What happens when a young chick-lit reader falls in love with the ultimate boy book?
My Brother Sam Is Dead by James Lincoln Collier and Christopher Collier has one of the worst spoiler titles in all of juvenile fiction, which may explain why I let it sit so long, hoping the book report would simply write itself.
An early devotee of what might be called “pre-chick lit,” I preferred reading about other girls–Pippi and Heidi, Ramona and Beezus, the March sisters, and Margaret Simon, whose daily pleas to God were being read out loud to a growing group of fifth grade girls, giggling in the bathroom of Widsten Elementary School in Wayzata. That’s how I knew Sam wasn’t my type. The front cover featured a boy in pilgrim-buckle shoes and a bayonet. Worse, there was a Newbery Honor medal attached to it, a sign librarians would love it, while eleven-year-olds like me would hate it.
I spent weeks complaining about the miserable injustice of the assignment, while my parents, both English teachers, ignored me. Having finally run out of excuses the weekend before the report was due, I took my place on the living room couch and with a heavy sigh resigned myself to turning the pages.
The first few started out breathless enough, as sixteen-year-old Sam Meeker arrives at his family’s Connecticut tavern after a thirty-mile hike from New Haven, wearing a uniform designed by Benedict Arnold. Like the father he butts heads with, Sam is cocky, hard-headed, and, of course, utterly irresistible–think James Dean with a cause and a tri-cornered hat. When he steals his father’s musket to go fight the Brits, his younger brother, Tim, is torn between his love for Sam and loyalty to his father.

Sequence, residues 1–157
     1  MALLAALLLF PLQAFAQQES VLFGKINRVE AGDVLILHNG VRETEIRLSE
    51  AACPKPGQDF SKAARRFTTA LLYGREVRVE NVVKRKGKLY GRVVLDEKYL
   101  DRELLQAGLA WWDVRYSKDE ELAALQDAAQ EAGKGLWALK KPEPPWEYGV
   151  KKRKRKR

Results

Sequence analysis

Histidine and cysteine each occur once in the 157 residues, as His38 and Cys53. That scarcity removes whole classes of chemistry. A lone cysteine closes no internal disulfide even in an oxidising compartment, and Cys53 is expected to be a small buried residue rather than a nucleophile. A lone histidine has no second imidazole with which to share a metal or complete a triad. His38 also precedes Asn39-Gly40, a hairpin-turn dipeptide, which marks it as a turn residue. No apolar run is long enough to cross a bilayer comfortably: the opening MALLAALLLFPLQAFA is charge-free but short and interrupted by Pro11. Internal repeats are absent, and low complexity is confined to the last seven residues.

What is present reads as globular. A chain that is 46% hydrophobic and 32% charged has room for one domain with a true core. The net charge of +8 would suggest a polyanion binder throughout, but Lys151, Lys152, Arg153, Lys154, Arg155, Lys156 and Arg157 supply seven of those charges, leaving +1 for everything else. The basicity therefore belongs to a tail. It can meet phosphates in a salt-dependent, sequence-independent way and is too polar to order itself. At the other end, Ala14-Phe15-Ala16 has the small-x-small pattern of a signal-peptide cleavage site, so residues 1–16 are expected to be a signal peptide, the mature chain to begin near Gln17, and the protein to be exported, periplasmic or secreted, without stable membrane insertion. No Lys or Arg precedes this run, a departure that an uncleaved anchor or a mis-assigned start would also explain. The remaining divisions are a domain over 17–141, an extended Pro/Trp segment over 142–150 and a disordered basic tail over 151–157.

Though we know which side will eventually win the Revolutionary Ward, the hardships endured by soldiers and civilians make it clear that war is hell no matter which side you’re on. And as the troops march ever closer to the Meeker family, I found myself turning again and again to the title page to see if there was any way to avoid the terrible ending it predicted. There wasn’t. Even so, Sam’s execution in the final pages of the book came as a violent shock–one of the reasons it still ranks high among the American Library Association’s list of the top 100 most challenged books, more than thirty years after it was published.
It was the first book that made me cry–but it was more than that. It seemed to mark the moment in my reading life when I was no longer just skimming the surface, comforted by characters who were just like me. The unfamiliarity of the story and setting seemed to have forced me to read deeper. And in doing so, I felt deeply discomforted, unsettled, full of questions. I also wanted to keep reading.
In the thirty years since I read My Brother Sam Is Dead, I’ve often heard reports that books are chosen for classrooms based on the fact that boys will only read books about boy characters, while girls will go along with whatever is given to them. And though this is often cited as an example of how girls are given short shrift, I sometimes wonder if the harm doesn’t fall harder on boys. Leaving your comfort zone–not to mention your gender chromosome–is one of the great pleasures of reading. You try on another person’s life and leave a book with the feeling that you have been somewhere you could not have visited on your own. This is why I have a copy of My Brother Sam Is Dead on our bookshelf, waiting for the day my three sons are ready to read it. It’s also why I will ignore all their complaints when a good teacher requires them to read Little Women.